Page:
“HOPE…It’s that beautiful place between the way things were and the way things are yet to be.”

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living wide. awake.

children know how to live awake The annoying beep, the “Wake Up Boo!” song, the iPhone trill, the crying baby…whatever it is your sleeping ears hear in the morning, you know it’s time to wake up, get moving, begin your day. For me, someone who loves her sleep and who is not the least bit a morning person, I dread that time – that time when you don’t choose to wake up, but rather feel forcedto wake up. I long to roll over, keep my eyes shut, curl up my legs, and shut the world out. It feels better that way.

Summertime…getting up is so much easier when the sun is shining, the schedules are more flexible, the obligations are minimal. But, as routines and agendas and deadlines roll around, like they do as the autumn air sweeps in, it can be a bit more challenging, feel a bit more daunting. School has started, homework’s gotten assigned, sports clamor for our attention, music lessons have begun, volunteer projects are calling, and work…the ever demanding daily necessity that brings home the bacon.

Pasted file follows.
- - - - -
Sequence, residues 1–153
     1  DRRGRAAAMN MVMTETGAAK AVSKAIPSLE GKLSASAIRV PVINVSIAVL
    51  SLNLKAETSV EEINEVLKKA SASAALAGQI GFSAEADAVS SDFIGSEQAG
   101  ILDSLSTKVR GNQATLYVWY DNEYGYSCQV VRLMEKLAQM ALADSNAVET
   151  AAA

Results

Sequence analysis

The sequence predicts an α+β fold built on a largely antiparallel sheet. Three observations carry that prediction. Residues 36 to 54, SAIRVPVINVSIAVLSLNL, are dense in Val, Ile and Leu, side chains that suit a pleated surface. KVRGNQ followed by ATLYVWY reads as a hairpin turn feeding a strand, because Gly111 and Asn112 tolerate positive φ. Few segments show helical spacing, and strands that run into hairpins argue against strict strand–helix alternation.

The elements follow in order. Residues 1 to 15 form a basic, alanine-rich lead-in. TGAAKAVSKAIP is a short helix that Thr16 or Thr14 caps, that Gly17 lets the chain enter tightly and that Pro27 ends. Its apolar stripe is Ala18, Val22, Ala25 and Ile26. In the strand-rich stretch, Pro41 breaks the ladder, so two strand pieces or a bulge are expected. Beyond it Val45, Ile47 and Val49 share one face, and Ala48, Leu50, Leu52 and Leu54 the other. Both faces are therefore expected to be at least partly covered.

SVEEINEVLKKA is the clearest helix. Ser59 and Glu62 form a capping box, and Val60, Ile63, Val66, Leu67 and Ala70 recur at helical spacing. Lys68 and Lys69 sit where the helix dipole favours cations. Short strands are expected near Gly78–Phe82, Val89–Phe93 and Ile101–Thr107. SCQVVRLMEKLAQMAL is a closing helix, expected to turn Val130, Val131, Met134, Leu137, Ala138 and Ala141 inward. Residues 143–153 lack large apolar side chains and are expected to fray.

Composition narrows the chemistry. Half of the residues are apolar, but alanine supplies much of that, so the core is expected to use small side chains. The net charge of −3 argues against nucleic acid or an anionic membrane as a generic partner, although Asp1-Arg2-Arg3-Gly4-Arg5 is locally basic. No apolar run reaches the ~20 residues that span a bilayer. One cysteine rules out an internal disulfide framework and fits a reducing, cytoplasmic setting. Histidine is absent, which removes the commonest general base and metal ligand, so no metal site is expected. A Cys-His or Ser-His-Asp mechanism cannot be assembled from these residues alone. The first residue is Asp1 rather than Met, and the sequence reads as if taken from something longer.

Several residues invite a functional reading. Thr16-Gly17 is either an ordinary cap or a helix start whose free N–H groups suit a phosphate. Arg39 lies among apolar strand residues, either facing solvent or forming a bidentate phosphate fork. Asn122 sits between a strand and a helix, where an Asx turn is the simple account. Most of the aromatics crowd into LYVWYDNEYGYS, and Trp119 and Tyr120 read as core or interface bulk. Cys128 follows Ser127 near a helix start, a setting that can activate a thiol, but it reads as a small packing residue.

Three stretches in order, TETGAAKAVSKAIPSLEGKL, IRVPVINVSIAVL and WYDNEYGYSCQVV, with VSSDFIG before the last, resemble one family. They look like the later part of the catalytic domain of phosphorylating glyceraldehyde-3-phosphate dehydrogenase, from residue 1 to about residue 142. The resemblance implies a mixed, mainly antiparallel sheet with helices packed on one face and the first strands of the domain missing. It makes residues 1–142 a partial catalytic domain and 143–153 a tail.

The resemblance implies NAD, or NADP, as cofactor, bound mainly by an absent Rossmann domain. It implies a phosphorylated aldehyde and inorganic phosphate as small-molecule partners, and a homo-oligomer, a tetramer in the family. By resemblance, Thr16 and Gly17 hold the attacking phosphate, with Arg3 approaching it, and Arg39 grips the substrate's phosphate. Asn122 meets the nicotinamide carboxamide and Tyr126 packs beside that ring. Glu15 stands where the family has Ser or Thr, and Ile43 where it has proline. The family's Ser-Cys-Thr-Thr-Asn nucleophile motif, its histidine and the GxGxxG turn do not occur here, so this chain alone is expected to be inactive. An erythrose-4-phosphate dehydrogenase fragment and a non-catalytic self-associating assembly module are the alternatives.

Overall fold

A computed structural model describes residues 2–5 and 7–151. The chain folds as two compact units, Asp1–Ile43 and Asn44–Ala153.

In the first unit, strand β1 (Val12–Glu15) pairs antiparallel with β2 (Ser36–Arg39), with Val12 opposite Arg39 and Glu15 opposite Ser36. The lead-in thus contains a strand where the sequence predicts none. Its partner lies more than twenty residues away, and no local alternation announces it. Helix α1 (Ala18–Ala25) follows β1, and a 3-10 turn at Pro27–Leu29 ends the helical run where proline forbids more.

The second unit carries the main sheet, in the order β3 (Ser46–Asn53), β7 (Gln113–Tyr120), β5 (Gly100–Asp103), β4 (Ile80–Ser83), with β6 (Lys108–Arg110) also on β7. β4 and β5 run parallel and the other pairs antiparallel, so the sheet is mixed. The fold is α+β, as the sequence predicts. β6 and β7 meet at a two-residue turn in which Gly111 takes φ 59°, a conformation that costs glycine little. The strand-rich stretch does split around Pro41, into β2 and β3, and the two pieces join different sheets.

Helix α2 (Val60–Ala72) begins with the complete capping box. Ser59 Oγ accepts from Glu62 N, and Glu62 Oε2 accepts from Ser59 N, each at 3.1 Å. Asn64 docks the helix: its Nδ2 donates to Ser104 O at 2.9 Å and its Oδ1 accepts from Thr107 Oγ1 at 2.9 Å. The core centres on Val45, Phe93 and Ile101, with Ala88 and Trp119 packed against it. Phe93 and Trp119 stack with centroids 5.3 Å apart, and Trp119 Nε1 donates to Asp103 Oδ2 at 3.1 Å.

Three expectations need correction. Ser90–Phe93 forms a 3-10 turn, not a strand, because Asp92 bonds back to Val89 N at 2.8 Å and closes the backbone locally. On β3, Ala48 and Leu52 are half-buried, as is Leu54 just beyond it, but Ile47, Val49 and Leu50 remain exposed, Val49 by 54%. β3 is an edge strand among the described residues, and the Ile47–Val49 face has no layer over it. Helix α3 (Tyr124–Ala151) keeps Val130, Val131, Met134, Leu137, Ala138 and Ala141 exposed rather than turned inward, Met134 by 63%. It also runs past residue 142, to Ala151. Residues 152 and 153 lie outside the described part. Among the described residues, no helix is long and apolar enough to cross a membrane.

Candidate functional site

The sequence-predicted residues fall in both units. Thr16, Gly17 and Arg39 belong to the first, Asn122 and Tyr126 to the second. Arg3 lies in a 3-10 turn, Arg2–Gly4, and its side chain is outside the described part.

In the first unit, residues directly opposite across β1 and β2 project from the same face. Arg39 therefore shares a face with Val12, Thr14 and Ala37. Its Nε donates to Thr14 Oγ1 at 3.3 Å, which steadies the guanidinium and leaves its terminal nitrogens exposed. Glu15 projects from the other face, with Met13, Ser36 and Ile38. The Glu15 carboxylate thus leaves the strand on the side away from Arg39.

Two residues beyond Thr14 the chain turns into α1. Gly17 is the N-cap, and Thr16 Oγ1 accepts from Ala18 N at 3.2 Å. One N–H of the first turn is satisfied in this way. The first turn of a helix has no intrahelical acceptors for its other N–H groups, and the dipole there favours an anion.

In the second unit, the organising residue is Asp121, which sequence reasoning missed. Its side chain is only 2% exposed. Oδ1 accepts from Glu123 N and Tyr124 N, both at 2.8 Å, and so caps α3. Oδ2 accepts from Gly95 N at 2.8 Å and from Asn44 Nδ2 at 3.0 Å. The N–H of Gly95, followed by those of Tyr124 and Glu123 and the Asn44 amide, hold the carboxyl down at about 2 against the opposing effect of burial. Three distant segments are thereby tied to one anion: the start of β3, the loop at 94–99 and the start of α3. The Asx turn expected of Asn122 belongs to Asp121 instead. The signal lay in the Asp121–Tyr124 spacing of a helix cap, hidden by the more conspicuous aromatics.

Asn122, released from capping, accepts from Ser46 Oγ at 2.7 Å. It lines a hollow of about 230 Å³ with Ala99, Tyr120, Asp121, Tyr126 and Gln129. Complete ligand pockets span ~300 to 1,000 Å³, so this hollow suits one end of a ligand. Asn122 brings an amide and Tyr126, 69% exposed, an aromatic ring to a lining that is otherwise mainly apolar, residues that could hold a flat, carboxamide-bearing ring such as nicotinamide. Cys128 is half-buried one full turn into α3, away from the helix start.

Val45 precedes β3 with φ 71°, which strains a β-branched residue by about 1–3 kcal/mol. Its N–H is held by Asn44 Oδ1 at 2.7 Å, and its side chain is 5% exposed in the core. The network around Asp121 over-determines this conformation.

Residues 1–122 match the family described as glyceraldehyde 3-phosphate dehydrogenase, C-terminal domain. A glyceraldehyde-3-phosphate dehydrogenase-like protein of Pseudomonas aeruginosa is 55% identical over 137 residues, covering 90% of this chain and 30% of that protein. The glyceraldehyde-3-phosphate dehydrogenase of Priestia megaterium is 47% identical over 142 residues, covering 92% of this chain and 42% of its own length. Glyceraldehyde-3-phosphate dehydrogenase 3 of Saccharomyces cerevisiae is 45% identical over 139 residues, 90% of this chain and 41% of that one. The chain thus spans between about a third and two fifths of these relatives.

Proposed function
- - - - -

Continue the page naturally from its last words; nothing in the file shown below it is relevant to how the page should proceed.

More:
Autumn…a time when we’re in full swing; the hustle and bustle that requires organization and order and cooperation by all.

So, how can we step into this season, this autumn, with a sense of groundedness, connectedness (to ourselves and others), and sanity? How can we prevent the million things swirling around us from tempting us to get knocked off our feet and away from those we find most important, most valuable? How can we remain open to finding God, in both the seen and hidden places, where he wants to surprise us with more of himself?

Well, here are some places, some spaces, we could start from:

First, maybe you need to ask yourself, “How much do I want it?” We have to have something alive in us that wants the BEST – for ourselves, for our children, for our partners, for our teammates, for our colleagues, for our friends. I find that many people have lost the belief that living out of their best self is worth pursuing, worth doing. Sometimes, crazy schedules can keep us from having to address what’s inside of us, within our families, between our marriages. It’s kinda like this secret, yet publically acceptable, narcotic that can allow us to keep functioning, yet all the while, numbs us out. And then, we miss out. And, maybe even worse, the world misses out on us. The world needs you. The people around you need you. We don’t want the distracted, exhausted you, we want the alive and vibrant and true you. So, do you want your best self? Do you want othersto experience your best self? Maybe the first step before stepping into your schedule is finding you.